Kaendler We have also encountered this issue – in the “hybridge” project. Together with the gas grid operator Open Grid Europe, OGE, we have developed the concept of a power-to-gas plant that will use green electricity to produce hydrogen on an industrial scale for the first time. The plants built until now are significantly smaller. The fact is, if we double capacities, costs drop by about 30 per cent. This means that the first enterprise to invest in a large-scale plant will be the biggest loser, because the next plant will be 30 per cent cheaper and so on. This is our early-bird dilemma. But we want to make a virtue out of necessity, because Germany needs to ramp up power-to-gas technology. As a regulated company, we are therefore offering to trial large-scale hydrogen production and then share our experiences with all market players.

It looks like the chemical industry and transmission system operators are facing similar challenges ...

Klingenberg ...And we will only overcome them if we join forces and have the courage to seek and think up new approaches. That is what we find so positive about “hybridge”. All parties contributing to the value creation process are involved and are working together to search for ways to change the parameters of the system. We will not overcome these challenges if we simply keep to the beaten track and pursue only the solutions that are already obvious today. We need competition for new ideas. This applies to technological innovations, and it also applies, for example, to the question of how we satisfy our demand for hydrogen. We won’t be able to avoid importing renewable gases. These could be green or blue hydrogen, but perhaps also ammonia, methanol or green methane, which we convert into hydrogen. We are still right at the very beginning with these issues.

Kaendler The energy transition involves a learning process that never ceases to amaze me. I felt this way, for example, when we were working on the concept for “hybridge”. At the time, we entered into dialogue with new partners, including the chemical and gas industries. We started to think outside the box and beyond the boundaries of the electricity system. Without being able to say today how exactly a climate-neutral energy system will look in 2050. But it's worth working together on precisely this right now.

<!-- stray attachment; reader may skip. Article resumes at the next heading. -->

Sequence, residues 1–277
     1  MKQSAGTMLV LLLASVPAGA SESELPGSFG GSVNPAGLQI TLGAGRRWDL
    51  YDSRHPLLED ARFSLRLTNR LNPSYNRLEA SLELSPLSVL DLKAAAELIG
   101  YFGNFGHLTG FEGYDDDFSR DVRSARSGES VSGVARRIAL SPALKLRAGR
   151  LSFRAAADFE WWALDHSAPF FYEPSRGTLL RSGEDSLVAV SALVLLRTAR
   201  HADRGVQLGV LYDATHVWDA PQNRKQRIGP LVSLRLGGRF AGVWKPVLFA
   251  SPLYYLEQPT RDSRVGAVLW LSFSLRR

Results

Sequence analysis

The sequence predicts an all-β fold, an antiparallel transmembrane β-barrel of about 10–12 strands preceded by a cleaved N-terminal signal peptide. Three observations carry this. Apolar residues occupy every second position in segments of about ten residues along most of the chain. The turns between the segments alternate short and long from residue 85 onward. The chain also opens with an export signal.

What steps are needed to create something like a vision, a precise image of the targets, for the energy system in 2050?

Kaendler We can approach this by employing scenarios that play through energy production and consumption depending on the energy sources involved. We can look at where potential producers and consumers are located – and what electricity, gas or hydrogen infrastructures Germany will need in order to be able to connect them. And we can ask ourselves how the whole thing can be run optimally. So also what flexibility there is in electricity and gas applications. We are currently doing all of this with partners in our “Systemvision 2050” project.

Klingenberg I would like to highlight one particular component of your vision: we need something like a hydrogen marketplace in Europe. This doesn’t yet exist. Here, suppliers of electricity, gas and hydrogen will meet with consumers of electricity, gas and hydrogen – and will arrive at market-led prices, including for reciprocal conversion of the energy sources.

Kaendler An interesting component. Until now, the electricity and gas markets have been completely separate. A common marketplace would allow demand-side companies to optimise their energy consumption between electricity and hydrogen. This is basically what we expect from an integrated and cross-sectoral energy system. Such a marketplace could create the necessary flexibility to ensure that there is always enough energy for everyone.

The path to climate neutrality requires us to set a course. Please answer the following question as succinctly as you can: What actions would you like to see from German policymakers?

Klingenberg We would like to be provided with support in the following points: we need an enormous, reliable supply of renewable energy. We need a low electricity price in order to be able to manufacture competitively. And in addition to an openness to new ideas, we need an entrepreneurial compass so that we can properly steer our investments.

Kaendler Amprion is also focusing on more renewable energies, especially in the offshore sector. We need to get electricity to our customers and we need grid expansion. And we need to be open to systemic solutions such as “hybridge”, so that we think beyond electricity and help shape the energy system as a whole.

TextVolker Göttsche
IllustrationsAleksandar savic